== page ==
There were two reasons why I got and read Magyk, the first book in Angie Sage’s Septimus Heap series. The first is that I have a very difficult time resisting anything that is free (and at the time the book was Barnes & Noble’s free Nook book of the week). The second is that there has been a small void since the last of the Harry Potter books came out that can only be temporarily appeased (and it’s still a little early for me to go ahead with my plan to re-read the original seven before the release of the final installment of the movie franchise in July).
Septimus Heap is born to a wizard family and happens to be the seventh son of a seventh son, making him a very magykal being. Unfortunately, Septimus dies shortly after birth leaving the family temporarily devastated. But Silas Heap found a newborn baby girl in the snow on the way back to his family the day of Septimus’ short life and she helps the distraught mother and bewildered boys to heal. Until the day that an Assassin comes to kill their beloved girl who is really the daughter of the late queen, slain ten years earlier on the day of the girl’s birth (and Septimus’ death). The Heaps are not the only ones determined to protect the princess as Darke magyk threatens more than just their family.
Septimus Heap is not Harry Potter but it doesn’t try to be either. The world and magykal hierarchy created by Angie Sage is distinctly separate. The troubles begin when the former ExtraOrdinary Wizard and necromancer, DomDaniel, returns to claim his position and finish off the Queenling. There are only brief glimpses of the political situation in this first novel though based on the way that Sage patiently built and layered this book, I have hope that the whys behind the series’ violent beginnings will be revisited and expanded upon in the later novels.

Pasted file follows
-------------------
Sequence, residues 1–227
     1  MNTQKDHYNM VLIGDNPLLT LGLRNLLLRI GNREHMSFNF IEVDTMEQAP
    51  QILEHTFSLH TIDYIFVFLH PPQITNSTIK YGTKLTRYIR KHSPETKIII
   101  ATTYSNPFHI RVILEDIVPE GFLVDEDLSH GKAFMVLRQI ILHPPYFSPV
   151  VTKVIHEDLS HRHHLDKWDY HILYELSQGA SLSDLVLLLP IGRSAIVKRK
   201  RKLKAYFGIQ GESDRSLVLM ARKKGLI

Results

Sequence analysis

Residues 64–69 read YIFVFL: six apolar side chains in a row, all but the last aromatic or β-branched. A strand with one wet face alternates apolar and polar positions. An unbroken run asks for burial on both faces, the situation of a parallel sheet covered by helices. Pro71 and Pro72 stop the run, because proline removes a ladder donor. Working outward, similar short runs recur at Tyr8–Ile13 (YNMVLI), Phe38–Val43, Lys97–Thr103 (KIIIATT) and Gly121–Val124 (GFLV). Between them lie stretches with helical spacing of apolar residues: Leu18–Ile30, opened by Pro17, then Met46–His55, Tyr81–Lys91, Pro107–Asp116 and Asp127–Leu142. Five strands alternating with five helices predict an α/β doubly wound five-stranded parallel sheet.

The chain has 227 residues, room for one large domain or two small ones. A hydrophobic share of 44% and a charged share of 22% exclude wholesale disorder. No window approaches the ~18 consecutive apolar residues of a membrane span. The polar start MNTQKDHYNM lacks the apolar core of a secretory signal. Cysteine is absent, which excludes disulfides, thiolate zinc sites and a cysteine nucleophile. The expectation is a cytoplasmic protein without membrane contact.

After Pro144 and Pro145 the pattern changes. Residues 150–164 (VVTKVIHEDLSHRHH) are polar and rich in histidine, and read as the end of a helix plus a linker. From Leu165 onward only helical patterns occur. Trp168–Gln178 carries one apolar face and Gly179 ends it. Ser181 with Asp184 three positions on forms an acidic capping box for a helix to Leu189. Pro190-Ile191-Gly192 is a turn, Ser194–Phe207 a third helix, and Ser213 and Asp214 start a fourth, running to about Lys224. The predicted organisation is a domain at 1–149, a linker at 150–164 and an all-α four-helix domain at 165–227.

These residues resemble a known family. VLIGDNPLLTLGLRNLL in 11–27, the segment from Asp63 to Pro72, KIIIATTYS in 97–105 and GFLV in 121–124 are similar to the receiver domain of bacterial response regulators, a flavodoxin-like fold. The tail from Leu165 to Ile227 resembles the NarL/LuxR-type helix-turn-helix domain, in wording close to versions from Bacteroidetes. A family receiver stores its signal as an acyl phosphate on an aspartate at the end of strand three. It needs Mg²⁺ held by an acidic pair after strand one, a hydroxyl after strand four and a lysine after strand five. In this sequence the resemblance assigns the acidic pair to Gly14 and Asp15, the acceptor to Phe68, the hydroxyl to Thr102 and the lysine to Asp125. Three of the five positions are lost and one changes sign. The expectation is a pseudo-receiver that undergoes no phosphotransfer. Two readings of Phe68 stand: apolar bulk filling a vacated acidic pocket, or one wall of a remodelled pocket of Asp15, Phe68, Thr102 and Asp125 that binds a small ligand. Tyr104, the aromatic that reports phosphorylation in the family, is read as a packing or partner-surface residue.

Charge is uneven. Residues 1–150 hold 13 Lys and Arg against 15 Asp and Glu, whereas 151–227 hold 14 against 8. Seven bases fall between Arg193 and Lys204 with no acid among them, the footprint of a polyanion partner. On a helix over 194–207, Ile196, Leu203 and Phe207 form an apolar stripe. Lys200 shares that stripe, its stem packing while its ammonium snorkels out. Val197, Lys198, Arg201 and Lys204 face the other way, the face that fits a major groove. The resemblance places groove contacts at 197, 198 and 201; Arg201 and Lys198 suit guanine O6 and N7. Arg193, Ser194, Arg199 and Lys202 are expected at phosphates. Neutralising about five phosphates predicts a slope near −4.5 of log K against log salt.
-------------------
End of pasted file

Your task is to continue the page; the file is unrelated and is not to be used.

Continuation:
Sage’s manner of storytelling wanders about rather than focusing solely on the handful of main characters. The deviations, that can be confusing and appear superfluous at first, quickly become one of the most entertaining aspects of the novel as the pieces of the story begin falling into place. The secondary characters are opinionated and it’s nice to hear their side from time to time. And yet, Sage always manages to bring focus back to her central tale.
Sage has two plots at work in this first novel, neither of which is truly resolved, inspiring the reader to seek further answers and more adventures in the remaining novels of her series. Considering the fact that there are still so many questions at the end of the book, Sage does a wonderful job of wrapping up the secondary characters. Without a true epilogue or hint of what exactly awaits the reader in the next book, Sage ends the novel with at least a paragraph for nearly all of the minor characters met along the way from the gatekeeper and his family to a messenger Rat who learned that his wife was right and it really is safer not to get involved with wizards.